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Andrea Lyon Headshot

Justice Trapped in a Technical Web

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About two weeks ago I wrote about Cory Maples who is facing execution because the mail wasn't delivered to his lawyers on time. (A Technical Death). Perhaps some readers thought I was exaggerating about the black hole into which a prisoner, even one who is innocent, can fall and never escape. As I explained, the concept is called procedural default in the law. The idea is that the defendant should have to follow the rules of the state he is in, file things on time, and present every claim and fact to every state court before he can present it to a federal court, or to a higher court in the state. There are good public policy reasons for this - the laws should be respected, rules followed and state courts given the opportunity to correct their own mistakes. However, the rigid rules adopted in 1996 which made it exceedingly difficult for a federal court to even consider the merits of a case -- even of someone who may be innocent -- keep coming up with absurd results.

Here is another one. In Friedman v. Rehal, decided by the United States Court of Appeals for the Second Circuit on August 16th , that court held that because Mr. Friedman did not present his claim within the prescribed one year limitation -- believing incorrectly that by trying to have his case heard by the new York Court of Appeals he was still within time -- they couldn't help him, even though evidence showing that detectives forced children to make false accusations against the then nineteen year old Mr. Friedman was withheld by the state, the trial judge threatened him to get him to plead guilty and said she believed him guilty before there had been one piece of evidence presented, his trial lawyer was unaware that he could enter a no-contest plea, and there was not one piece of corroboration that the alleged sexual abuse ever happened. The case was made famous by the documentary Capturing the Friedmans, released in 2003, which had taped interviews with alleged victims who told horrific stories of being forced to accede to the police insistence that abuse had occurred. These facts were withheld by the state -- which is against the law.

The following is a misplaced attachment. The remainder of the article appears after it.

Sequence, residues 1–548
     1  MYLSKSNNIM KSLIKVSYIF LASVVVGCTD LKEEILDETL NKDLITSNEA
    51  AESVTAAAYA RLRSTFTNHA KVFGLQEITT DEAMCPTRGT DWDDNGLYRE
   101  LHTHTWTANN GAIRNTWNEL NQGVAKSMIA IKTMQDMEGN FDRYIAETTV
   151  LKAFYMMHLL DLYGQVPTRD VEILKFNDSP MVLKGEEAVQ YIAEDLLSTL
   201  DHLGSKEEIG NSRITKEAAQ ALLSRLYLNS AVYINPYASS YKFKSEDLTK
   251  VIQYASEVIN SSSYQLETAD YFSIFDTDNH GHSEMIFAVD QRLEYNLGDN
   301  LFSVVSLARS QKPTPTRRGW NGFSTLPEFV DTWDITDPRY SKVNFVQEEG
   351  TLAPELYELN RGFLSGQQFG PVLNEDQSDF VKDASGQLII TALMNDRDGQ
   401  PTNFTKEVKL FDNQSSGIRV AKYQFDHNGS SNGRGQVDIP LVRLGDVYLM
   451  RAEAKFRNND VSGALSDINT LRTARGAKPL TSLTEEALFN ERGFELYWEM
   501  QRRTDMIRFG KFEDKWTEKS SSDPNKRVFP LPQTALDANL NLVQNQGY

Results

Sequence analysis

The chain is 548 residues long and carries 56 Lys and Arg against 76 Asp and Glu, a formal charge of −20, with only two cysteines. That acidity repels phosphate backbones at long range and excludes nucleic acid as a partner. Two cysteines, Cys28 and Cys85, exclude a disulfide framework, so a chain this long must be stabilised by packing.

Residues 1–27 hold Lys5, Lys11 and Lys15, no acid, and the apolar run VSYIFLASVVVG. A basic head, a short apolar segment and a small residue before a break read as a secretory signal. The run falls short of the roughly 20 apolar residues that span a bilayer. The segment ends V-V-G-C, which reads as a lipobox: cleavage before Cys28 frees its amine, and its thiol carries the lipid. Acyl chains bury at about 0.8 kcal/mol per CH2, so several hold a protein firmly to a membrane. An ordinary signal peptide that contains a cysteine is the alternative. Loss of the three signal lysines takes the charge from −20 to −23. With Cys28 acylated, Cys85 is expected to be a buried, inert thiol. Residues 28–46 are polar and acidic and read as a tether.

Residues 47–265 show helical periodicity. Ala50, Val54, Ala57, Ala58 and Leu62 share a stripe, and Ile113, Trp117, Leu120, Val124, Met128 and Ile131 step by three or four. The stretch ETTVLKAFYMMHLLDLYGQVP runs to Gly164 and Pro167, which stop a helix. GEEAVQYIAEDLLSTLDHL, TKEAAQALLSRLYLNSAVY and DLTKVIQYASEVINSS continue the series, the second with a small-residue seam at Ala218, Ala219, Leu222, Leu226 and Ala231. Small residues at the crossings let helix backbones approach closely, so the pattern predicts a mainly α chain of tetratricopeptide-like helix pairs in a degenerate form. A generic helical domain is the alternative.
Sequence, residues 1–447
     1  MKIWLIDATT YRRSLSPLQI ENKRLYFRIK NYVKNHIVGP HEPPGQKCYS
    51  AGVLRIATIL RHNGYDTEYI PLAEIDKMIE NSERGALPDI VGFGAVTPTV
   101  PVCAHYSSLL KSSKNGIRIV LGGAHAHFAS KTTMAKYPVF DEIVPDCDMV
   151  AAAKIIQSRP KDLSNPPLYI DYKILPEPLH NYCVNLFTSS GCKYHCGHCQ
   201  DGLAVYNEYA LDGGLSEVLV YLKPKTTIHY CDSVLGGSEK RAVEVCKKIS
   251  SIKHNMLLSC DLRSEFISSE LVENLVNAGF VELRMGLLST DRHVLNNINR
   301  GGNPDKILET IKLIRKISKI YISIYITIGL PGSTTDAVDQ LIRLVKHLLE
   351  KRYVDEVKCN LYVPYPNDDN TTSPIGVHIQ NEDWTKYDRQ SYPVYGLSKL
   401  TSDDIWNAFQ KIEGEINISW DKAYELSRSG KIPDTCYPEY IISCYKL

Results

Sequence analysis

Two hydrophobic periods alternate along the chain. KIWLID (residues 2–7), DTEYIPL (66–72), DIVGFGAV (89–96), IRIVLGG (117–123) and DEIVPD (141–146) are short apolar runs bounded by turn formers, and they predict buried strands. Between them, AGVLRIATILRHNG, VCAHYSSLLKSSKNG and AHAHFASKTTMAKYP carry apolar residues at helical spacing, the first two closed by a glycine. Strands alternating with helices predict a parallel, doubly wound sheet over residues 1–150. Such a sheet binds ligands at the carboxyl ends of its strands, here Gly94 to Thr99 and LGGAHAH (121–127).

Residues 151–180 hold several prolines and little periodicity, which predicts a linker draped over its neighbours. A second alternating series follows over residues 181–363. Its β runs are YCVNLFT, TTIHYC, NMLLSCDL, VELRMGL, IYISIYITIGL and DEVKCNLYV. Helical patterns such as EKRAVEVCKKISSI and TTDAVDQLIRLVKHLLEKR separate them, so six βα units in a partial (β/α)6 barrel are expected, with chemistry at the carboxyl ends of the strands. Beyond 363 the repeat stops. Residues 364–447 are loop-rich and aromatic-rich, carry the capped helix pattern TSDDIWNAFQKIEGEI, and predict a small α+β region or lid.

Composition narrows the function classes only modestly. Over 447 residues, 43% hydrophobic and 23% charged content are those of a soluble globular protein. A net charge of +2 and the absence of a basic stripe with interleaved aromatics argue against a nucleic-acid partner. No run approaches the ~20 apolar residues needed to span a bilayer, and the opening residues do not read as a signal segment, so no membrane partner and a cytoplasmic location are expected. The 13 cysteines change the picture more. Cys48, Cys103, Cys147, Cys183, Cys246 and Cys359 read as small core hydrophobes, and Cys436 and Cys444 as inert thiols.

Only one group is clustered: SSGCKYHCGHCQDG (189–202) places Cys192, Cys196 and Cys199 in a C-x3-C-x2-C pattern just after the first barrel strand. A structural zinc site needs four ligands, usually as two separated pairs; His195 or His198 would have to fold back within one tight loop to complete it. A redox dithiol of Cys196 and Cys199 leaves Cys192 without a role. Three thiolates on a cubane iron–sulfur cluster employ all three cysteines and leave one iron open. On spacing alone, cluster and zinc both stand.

The Court expressed its frustration with the rules and said "While the law may require us to deny relief in this case, it does not compel us to do so without voicing some concern regarding the process by which the petitioner's conviction was obtained. The magnitude of the allegations against petitioner must be viewed in the context of the late-1980's and early-1990's, a period in which allegations of outrageously bizarre and often ritualistic child abuse spread like wildfire across the country and garnered world-wide media attention. Vast moral panic fueled a series of highly-questionable child sex abuse prosecutions." The Court then goes through the facts of the flawed investigation. From their opinion, you will see the lack of corroboration, lynch-mob mentality of the community and inappropriate biases exhibited openly by the supposedly neutral trial judge which should make any rational reader shudder that an investigation of this sort could result in thirteen years (so far) of incarceration of someone almost certainly innocent. The Court ends the opinion by suggesting that the state prosecutors do the right thing for Mr. Friedman, because, they say they cannot and then the Court denies him any relief.

Yes, you heard me, they deny relief. Did you know that the United States Supreme Court has said it is not unconstitutional to execute someone who is innocent but doesn't have any other legal claims? Well they have -- with a caveat from former Justice O'Connor that if there was a "truly" innocent person, they would do something. What that might be isn't clear.

Three judges of the United States Court of Appeals all agree that Mr. Friedman did not get justice. It appears not only did he not get justice, but there may never have been a crime at all. Since Mr. Friedman has fallen into the web of technical rules, the courts can't reach him, or justice. The technicalities of habeas law prevent it. Reform of these laws needs to happen, for Mr. Friedman and the other possibly innocent persons thrashing about in this terrible technical web.